UV-curable sealant systems are an innovative solution for the production of ammunition cartridges.

Ultraviolet (UV)-curable adhesives and sealants have been used successfully in numerous applications due to their excellent high-strength bonding to a variety of substrates, as well as their aesthetically pleasing finish. Their quick curing times are ideal for high-speed, high-volume production lines.

In such demanding production lines, selecting the appropriate UV-curable sealants, applicators and UV-curing equipment is important for the proper implementation of a UV-curable sealant process. Additional considerations may be necessary in order to comply with specific product safety regulations. Implementing a UV-curable sealant system for a high-speed, high-volume ammunition production line can be challenging, but the benefits outweigh the drawbacks.

Figure 1. Various Sized Cartridges and Their Components.


The history of bullets dates back thousands of years, when cast lead bullets were used with slings. The modern bullet’s history begins sometime after 1249, when gunpowder was used to fire projectiles from the open end of a tube. Modern small arms ammunitions, or cartridges, are used in a variety of firearms ranging from pistols and shotguns to rifles and heavier automatic weapons (such as machine guns).1 The term “bullet” is loosely used to describe the cartridge, but it mainly refers to the actual projectile. The proper components and terminology are projectile, case, primer, and propellant or gunpowder, as shown in Figure 1.

A bullet’s manufacturing process begins with the production of each individual component.2The assembly process loads the propellant into the case and attaches the projectile to the case. The projectile is then sealed into the case by the use of a pitch- or bitumen-based sealant, which is applied to the mouth of the case before “crimping” the projectile or bullet into it. This messy and problematic sealant process typically provides a shelf life of about 10-20 years. Modern advancements in sealants-especially UV-curable sealants-can provide a much better controlled joint and can extend the shelf life to approximately 30-35 years.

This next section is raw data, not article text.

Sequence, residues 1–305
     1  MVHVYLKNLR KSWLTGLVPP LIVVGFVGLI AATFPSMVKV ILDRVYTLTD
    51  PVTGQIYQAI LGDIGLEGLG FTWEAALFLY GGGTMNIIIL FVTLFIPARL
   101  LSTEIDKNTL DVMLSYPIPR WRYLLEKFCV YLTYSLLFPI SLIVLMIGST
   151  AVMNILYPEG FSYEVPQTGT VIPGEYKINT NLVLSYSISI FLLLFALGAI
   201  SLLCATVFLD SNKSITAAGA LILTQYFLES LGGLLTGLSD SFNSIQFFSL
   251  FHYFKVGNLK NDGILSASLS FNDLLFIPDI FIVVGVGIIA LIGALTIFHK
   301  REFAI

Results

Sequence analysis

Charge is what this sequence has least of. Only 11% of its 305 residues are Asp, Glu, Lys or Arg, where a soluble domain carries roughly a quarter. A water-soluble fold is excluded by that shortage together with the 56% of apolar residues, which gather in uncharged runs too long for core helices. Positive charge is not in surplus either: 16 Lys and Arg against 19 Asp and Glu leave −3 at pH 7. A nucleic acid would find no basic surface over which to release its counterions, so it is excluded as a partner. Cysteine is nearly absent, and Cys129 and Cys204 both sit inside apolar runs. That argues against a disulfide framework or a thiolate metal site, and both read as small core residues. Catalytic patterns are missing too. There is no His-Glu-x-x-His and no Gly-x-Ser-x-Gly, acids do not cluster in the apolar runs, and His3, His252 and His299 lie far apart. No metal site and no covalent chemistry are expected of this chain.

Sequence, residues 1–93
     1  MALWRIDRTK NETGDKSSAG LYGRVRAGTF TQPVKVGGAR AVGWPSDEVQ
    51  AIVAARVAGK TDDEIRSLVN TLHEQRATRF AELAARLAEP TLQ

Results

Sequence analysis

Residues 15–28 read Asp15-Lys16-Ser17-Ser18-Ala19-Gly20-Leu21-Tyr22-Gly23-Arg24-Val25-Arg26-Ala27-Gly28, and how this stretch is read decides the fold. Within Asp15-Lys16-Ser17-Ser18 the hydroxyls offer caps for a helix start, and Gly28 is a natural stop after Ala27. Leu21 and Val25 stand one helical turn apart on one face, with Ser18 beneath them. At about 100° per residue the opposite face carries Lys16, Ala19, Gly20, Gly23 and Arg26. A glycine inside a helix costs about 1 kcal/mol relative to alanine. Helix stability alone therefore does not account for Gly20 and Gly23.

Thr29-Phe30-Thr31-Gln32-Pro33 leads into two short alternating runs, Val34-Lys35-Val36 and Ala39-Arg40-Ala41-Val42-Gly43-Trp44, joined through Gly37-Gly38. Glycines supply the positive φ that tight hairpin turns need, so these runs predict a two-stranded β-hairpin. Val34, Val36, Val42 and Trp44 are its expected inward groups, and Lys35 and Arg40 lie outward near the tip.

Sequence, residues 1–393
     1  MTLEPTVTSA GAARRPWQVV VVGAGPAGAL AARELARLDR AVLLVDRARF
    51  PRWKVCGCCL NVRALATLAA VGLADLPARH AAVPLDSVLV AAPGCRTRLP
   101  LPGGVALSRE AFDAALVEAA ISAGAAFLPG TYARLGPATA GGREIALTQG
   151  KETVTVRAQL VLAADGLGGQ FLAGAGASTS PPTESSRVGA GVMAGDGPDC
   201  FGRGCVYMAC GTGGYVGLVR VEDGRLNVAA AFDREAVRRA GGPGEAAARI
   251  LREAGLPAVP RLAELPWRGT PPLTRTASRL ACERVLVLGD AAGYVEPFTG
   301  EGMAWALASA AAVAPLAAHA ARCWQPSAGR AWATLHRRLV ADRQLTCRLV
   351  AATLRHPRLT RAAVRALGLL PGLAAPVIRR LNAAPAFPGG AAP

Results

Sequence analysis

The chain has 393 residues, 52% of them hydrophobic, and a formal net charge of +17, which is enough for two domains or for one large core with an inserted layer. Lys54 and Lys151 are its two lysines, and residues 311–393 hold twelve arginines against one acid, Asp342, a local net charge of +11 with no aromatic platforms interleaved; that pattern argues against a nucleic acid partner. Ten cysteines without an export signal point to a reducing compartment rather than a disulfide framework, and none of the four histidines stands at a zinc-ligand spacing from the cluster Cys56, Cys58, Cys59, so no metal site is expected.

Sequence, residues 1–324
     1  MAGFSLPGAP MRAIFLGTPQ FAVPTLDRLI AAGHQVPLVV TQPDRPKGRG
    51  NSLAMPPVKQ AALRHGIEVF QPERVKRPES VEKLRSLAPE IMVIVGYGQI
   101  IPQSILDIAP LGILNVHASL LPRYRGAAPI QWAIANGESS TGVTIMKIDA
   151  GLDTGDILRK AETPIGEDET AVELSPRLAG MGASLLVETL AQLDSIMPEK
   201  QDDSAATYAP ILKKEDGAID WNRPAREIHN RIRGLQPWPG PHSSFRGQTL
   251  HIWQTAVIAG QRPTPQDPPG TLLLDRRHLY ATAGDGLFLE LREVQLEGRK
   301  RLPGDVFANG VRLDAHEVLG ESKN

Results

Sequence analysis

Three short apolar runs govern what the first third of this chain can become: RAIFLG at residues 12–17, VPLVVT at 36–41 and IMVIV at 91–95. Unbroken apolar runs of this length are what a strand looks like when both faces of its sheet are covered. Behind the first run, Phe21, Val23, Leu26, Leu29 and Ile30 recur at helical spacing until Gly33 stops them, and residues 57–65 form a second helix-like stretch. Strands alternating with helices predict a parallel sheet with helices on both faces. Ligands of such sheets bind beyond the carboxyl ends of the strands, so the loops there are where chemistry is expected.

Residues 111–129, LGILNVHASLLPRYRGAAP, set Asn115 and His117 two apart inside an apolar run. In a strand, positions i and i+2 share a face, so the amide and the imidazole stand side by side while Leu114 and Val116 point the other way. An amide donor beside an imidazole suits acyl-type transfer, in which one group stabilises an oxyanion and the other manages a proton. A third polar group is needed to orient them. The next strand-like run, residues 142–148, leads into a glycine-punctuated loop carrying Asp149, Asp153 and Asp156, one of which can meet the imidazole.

In the new age of UV-curable sealants, an ammunition case can be waterproofed by applying a UV-curable sealant to the joint between the brass case and the projectile of an ammunition cartridge after the ammunition cartridge is fully assembled and crimped. The UV-curable sealant penetrates, or “wicks,” into the joint by capillary attraction and is then cured by proper exposure to a UV radiation source.

The completed, sealed ammunition cartridge is then presented to an accept/reject system, and all acceptable cartridges are passed down an out-feed chute to tote carts for packaging. Any reject components are directed to quality assurance personnel for disposal. This type of production process can apply to a variety of cartridges (e.g., 5.45 mm, 5.56 mm, 7.62 mm, .308 cal, .338 cal, .50 cal, 20 mm and 30 mm).

Figure 2. Excited Cartridge with Various Sealant Applications


Modern high-speed ammunition production lines can operate at production rates in excess of 150 cartridges per minute. Several challenges are associated with the UV-curable sealant process for such a high-speed production line. These challenges can be grouped into the following categories:
  • Selection and application of the UV-curable sealant
  • Specification and implementation of the UV-curing system
  • Verification of sealant application and UV curing
Selecting a UV-curable sealant is important, as it has to adhere to the required waterproofing. It also has to feature fast-curing attributes to comply with the production line speed. The proper amount of the sealant (i.e., width, thickness, sealing, adhesion and physical properties) may be established off-line to ensure thorough waterproofing and other relevant properties. Since the cartridge is moving at such a fast rate, accurate and precise application of the sealant to the circular joint between the case and projectile is often difficult. It can be accomplished by first applying a proper amount of sealant to the joint. The round is then rotated to ensure correct distribution and capillary “wicking” of the sealant into the joint.